Which is best?
In the UK, the majority of schools are co-educational (co-ed) , but there are still a significant number of single sex schools , particularly in the boarding sector. There is a further model called the “diamond formula” in some schools, where boys and girls are taught together until age 10, then separately from 11 to 15 and then in co-educational classrooms again from 16 to 18 in the 6th form.
Historically, a number of the very famous public schools, some of which are over 300 years old, were established as boys’ schools, when it was not considered necessary to educate girls. Schools falling into this category include Winchester, Eton, Harrow and Charterhouse. However in the last century there was a great drive to improve educational opportunities for women and a large number of girls’ boarding schools were established.
The number of girls only schools continued to expand and remain popular, partly because some parents wish to protect their daughters from the rough and tumble and banter of boys, but also because single sex schools provide a uniquely empowering and intellectually stimulating environment for girls where they can develop without distractions from the opposite sex. In recent years there has been a trend for single sex schools to convert to co-ed, even if only at age 16 +, to prepare children for university when they will inevitably have to study and socialise with the opposite sex.
Does this mean co-ed is best? No - it means that all parents should take a decision based on their own beliefs, values and culture and taking into consideration the type of school that will best suit their individual child. In the following sections we examine some of the arguments on both sides, but at the end of the day it will be the parents’ decision.
Single Sex Girls’ Schools
Over the last 10 years the number of pupils educated in girls’ private single sex schools is estimated to have fallen about 10%, as more schools go co-ed , especially in their sixth forms (years 12 and 13). The co-ed argument follows the premise that children should be educated in a mixed environment, which is a reflection of the real world that children will enter when they leave school.
However, do the facts bear this out?
There is no doubt that behaviours tend to differentiate boys from girls and are the result of the way our brains develop. It is not simply that girls are often more interested in playing with dolls and dressing up, while boys are more into sport and rough house games. In girls, the language areas of the brain develop early, while in boys the visual-spatial areas of the brain develop first. Boys and girls both see and hear differently. Boys are more attracted to direction and motion while girls go for textures and colours. It has been suggested that these tendencies result in boys who may struggle with languages and girls who may have little interest in sciences and maths.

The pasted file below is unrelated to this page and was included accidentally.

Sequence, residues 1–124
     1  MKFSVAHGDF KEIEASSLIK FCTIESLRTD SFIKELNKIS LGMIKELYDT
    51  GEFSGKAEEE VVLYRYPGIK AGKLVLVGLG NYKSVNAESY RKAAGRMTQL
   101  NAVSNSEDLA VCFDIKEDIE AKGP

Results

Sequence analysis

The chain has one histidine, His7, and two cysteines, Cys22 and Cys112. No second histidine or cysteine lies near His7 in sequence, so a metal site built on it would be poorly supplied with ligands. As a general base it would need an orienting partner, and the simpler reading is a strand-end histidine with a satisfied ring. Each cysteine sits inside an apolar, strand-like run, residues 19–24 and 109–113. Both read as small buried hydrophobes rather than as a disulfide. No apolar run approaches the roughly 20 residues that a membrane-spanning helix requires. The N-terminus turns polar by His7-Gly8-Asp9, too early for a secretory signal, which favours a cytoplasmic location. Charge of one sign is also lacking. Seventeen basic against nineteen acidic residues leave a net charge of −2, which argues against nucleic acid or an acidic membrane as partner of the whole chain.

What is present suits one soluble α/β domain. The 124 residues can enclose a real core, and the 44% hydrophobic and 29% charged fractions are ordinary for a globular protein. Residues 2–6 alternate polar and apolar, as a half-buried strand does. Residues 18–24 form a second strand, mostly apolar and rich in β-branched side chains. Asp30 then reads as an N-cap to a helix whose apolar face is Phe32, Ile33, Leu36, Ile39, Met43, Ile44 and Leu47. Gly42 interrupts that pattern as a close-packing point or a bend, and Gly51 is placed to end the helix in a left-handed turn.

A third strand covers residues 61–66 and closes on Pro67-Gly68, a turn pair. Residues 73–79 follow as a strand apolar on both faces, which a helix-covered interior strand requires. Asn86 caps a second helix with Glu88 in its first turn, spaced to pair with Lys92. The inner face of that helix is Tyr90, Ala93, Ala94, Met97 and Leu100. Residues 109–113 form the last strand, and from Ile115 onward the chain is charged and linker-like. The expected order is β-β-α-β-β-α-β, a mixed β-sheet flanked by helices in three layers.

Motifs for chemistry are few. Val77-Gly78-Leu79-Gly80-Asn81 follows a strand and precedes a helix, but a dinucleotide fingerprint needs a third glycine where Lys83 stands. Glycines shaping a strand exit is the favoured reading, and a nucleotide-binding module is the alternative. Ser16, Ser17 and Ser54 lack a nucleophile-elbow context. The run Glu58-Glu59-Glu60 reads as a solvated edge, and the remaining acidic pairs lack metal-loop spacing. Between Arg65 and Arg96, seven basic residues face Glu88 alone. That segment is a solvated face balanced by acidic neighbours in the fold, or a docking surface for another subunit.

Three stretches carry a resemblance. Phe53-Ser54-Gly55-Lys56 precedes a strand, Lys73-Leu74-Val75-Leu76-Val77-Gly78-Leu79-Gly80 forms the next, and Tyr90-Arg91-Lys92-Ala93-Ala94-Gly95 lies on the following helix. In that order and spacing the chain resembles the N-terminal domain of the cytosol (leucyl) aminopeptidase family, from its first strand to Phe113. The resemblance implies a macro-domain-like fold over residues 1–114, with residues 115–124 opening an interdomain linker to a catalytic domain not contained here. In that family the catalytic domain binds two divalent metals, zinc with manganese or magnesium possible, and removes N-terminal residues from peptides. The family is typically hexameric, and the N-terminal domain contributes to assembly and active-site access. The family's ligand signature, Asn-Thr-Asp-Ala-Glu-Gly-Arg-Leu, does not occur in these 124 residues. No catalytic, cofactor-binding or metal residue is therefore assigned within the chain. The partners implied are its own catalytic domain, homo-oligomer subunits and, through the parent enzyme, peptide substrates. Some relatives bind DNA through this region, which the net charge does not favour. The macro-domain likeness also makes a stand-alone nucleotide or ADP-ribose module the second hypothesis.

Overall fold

It’s quite difficult to cater for these differences in a co-ed environment because it can result in attention deficient, defiant and unmotivated children. Girls simply need the attention they deserve without the distraction of the opposite sex. So, do single sex schools work better? It’s difficult to deny the statistics. At girls only schools, there are 8% more grade As at A Level than for girls in co-ed schools. For GCSEs there are 13% more A*s and As . There is an expectation of success in a girls school and no shame in working hard.
If one examines the top 20 www.best-schools.co.uk A level schools, 16 out of the top 20 are single sex schools – girls only or boys only! If we examine the top 5 international baccalaureate schools, 3 out of the 5 larger cohort schools are girls only. 5 out of 5 smaller cohort schools are girls only. It is also interesting that Cheltenham Ladies College has only been teaching the IB for 3 years and stormed to the top of the table with only their second set of results.
A report from the Institute of Physics (OIP) in 2012 shows that girls from single sex schools are almost 2.5 times more likely to study Physics A level than girls who attend co-ed schools. In single sex schools, girls may not feel pressurised to make subject choices that are stereotypically gender based.
There are around three times as many single sex girls’ schools as boys’. This is undoubtedly down to "demand" because far more parents of girls prefer their daughters to have less distraction from the opposite sex than parents of boys. This is particularly prevalent among certain nationalities or faiths of international parents including Muslims and Catholics. At Education Advisers we have innumerable requests from foreign parents to find girls’ boarding schools with safe and secure campuses away from towns and cities. They prefer their daughters to be removed from areas where there may be unruly behaviour or night time distractions. Yet this rarely crops up as an objection for their sons.
Many parents sending their daughters to boarding school are anxious about them developing relationships with boys and are more comfortable if they are in an all girls environment where any socialising with boys is strictly supervised.
It is sometimes said that girls schools can be “bitchy”, and it is true that girls can form friendship “cliques” which some may feel excluded from. However, there are friendship issues and occasionally bullying in all schools, both single sex and co-ed.